When I tell you that I love Italian cinema and especially those works that fall under the horror or giallo varietals, you can say, “well we fucking knew that James P. TERROR”. What you may not know or at least I may not allude to often that I have no seen everything under the sun (nooooo… YESSSS!). Like every genre fan I am still growing my taste buds; learning what’s out there and admiring and enjoying new directors, composers and actors all the time. That brings us to the movie for which I will provide a review for you today. Night of the Devils from 1972 as released by Raro Video Giorgio Ferroni is the second Italian feature in only two weeks that I have “discovered” and adored and consider one of my new favorite films even though it was released a long long time ago on a continent far far away.
Gianni Garko plays an insane man admitted to a psychiatric institution that no one can identify. While in ward, he starts having flashbacks of what brought him there. He starts to remember how his car broke down and when he went looking for help he came upon a strange man burying his dead son. Strange scenes of the macabre ensue leading up to the gruesome night with this backwoods family who secrets are slowly revealed. What strange curse is this family hiding?
For those of you unfamiliar with Ferroni’s work I am with you. I did not realize that Ferroni was responsible for Mill of the Stone Women. That movie itself I just learned about at the Italian Splatterfest at the Colonial Theater last year during one of their inspired trailer reels. Well as it turns out Mill is a bit of a cult classic. So is Night of the Devils. Italian horror and genre fans have been lauding its merits for decades. I can simply say that the appeal is still there.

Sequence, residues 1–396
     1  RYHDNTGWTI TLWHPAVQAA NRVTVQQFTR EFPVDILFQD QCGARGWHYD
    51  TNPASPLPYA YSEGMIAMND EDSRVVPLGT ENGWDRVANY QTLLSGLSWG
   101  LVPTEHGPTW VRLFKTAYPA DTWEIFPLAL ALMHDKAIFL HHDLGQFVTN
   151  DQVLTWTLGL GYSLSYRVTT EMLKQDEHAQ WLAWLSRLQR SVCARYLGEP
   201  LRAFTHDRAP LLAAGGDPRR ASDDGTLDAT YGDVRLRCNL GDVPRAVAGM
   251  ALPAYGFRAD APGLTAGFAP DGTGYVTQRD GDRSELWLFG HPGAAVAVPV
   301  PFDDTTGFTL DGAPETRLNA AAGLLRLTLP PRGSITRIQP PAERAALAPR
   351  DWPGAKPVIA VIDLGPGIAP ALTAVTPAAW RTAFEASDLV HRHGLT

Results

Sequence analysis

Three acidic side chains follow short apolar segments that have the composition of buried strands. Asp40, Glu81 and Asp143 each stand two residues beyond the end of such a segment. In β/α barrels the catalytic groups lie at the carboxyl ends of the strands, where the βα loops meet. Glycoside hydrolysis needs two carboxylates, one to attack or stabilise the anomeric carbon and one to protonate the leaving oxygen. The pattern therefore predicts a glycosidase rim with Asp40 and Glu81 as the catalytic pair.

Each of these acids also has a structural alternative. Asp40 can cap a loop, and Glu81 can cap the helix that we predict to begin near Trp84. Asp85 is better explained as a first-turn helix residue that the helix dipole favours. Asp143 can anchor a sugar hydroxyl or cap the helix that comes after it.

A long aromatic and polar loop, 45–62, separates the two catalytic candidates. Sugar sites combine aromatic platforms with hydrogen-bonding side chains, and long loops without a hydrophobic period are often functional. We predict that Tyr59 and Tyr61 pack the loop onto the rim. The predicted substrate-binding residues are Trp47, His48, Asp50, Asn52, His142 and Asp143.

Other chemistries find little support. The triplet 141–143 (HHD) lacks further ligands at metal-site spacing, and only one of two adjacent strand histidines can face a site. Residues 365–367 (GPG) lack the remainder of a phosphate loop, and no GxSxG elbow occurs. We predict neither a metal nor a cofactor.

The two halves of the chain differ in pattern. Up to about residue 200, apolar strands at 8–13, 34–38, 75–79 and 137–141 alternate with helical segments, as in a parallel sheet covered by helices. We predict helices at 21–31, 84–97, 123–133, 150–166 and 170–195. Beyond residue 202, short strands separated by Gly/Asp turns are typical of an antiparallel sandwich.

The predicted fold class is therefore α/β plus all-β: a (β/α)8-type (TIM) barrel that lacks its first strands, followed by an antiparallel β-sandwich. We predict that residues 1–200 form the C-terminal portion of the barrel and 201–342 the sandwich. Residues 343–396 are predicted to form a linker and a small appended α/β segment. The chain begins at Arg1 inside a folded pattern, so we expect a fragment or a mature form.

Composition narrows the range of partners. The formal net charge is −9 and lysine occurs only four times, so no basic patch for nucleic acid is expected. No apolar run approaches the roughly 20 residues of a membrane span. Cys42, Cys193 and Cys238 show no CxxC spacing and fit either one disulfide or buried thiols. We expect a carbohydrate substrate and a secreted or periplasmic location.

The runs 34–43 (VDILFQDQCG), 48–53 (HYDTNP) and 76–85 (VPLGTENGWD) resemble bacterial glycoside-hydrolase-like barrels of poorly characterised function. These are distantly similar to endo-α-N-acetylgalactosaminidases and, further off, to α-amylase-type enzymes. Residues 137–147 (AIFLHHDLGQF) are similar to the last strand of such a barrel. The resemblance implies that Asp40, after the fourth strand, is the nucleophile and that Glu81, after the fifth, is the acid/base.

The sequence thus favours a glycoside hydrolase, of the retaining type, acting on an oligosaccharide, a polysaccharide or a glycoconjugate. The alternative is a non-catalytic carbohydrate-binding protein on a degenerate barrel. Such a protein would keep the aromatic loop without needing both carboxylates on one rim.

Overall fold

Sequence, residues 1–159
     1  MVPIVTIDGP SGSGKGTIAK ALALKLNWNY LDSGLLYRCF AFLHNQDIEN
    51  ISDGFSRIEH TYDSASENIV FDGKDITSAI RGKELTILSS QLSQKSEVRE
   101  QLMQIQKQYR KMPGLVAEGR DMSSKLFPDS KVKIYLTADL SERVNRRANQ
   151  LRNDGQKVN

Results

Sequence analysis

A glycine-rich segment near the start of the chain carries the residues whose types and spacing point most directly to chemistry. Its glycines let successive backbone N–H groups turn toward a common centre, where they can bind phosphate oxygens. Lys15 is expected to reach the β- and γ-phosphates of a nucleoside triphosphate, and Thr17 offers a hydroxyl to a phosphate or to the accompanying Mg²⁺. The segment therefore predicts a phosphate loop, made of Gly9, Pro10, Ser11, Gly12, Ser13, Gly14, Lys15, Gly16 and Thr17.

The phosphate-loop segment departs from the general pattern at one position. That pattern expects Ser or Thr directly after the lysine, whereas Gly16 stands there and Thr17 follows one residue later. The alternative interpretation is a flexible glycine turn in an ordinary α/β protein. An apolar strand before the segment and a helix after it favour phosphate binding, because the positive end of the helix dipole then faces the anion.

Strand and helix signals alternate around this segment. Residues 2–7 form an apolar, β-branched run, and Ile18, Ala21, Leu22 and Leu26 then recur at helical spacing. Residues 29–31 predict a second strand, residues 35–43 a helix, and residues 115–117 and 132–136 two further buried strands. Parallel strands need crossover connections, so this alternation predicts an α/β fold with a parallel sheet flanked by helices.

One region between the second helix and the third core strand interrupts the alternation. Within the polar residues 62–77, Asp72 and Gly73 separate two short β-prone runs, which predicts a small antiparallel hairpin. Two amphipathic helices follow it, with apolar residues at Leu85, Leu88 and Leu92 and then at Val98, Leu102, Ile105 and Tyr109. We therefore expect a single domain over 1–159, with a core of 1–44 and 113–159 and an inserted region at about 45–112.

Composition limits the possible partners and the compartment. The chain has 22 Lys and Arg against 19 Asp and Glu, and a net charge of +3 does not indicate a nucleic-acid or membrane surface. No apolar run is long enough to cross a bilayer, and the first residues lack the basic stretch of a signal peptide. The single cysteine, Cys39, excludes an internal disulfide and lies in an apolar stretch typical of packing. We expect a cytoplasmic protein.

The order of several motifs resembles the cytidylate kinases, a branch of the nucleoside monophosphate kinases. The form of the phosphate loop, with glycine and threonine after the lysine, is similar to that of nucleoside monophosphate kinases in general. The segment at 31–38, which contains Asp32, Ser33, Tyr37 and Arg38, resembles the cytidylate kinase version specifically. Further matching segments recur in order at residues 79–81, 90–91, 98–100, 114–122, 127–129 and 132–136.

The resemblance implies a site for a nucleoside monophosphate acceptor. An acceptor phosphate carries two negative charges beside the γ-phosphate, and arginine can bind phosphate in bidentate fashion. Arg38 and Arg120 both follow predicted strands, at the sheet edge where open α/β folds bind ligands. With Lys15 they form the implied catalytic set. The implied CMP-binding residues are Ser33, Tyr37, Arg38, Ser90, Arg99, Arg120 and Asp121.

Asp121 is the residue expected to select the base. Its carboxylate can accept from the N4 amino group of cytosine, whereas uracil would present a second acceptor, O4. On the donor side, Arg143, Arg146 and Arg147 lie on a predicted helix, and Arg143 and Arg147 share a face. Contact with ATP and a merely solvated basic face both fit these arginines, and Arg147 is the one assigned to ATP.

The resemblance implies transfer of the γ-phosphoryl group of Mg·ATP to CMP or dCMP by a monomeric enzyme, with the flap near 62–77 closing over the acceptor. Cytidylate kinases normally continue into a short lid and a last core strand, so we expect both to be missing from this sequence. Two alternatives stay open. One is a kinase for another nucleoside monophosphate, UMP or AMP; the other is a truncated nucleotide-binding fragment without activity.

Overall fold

What horror fans are gonna love: the in your face Crayola red gore of the early 70’s and attention to body mutilation. Think Blood Feast lite with plenty of actual plot, attention to detail rather than a loop of gory shorts strung together with an arbitrary plot. You’ll also love the mention of the Vourdalak. As Chris Alexander mentions in the intro, the Vourdalak comes from a common folk tale that has inspired other Italian works, most notably Mario Bava’s Black Sabbath. In that sense I feel that a horror fan might take poetic or viewership license and make them sister films. Enjoy them together and revel in the various interpretation of the vampire-like creature that stalks the night and dies ever so well. Giorgio Gaslini’s score is superb and will be admired by fans of giallo and Italian movies of the late 60’s up through the 70’s. There’s a lengthy interview with Gaslini on the Blu-ray, but alas, it may be for the composer dorks and not for the general horror fan. I last about 20 minutes in and then realized that I had very little sphere of understanding to grasp the world that Gaslini was weaving. The cast is superb, acting is overdramatic (and the movie better for it) and slightly too obscure for me to know about with any competency. Roberto Maldera was in The Night Evelyn Came Out of the Grave which is an absolute blessing of a movie. The actress who plays Sdenka, Agostina Belli, had a walk on roll in my heart.
This is not for folks who dislike Italian cinema or European cinematic efforts of the 1970’s. The blood/gore may be fun but it certainly isn’t realistic. The acting is ever so melodramatic and the complete lack of regard for clothing may offend some (that means you see NUDITY… wooo hooo!). Ooo… what’s that you say? Nudity is a good thing? Well, Puritans be damned, this will be surely a night for all ye devils to enjoy.
As a fan of this era in Italian cinema it will be a must watch and available through DiabolikDVD HERE (though at the moment it is out of stock... AGAIN!...Popular movie). Make sure to pick it up on Blu or DVD and get it while you can. Who knows when they’ll stop pressing this awesome release. The Blu-ray came with a rather handsome booklet in addition to traditional artwork cover and dust sleeve that kinda made me piddle with delight (piddle is a technical terms). The best part of catching this one is that it reassured me, as did my recent foray with Contamination, that there’s so many great genre films to watch. I haven’t exhausted them all. There fountain is flowing and the more we support DiabolikDVD and Raro, the better releases we will get and the more obscure classics will emerge.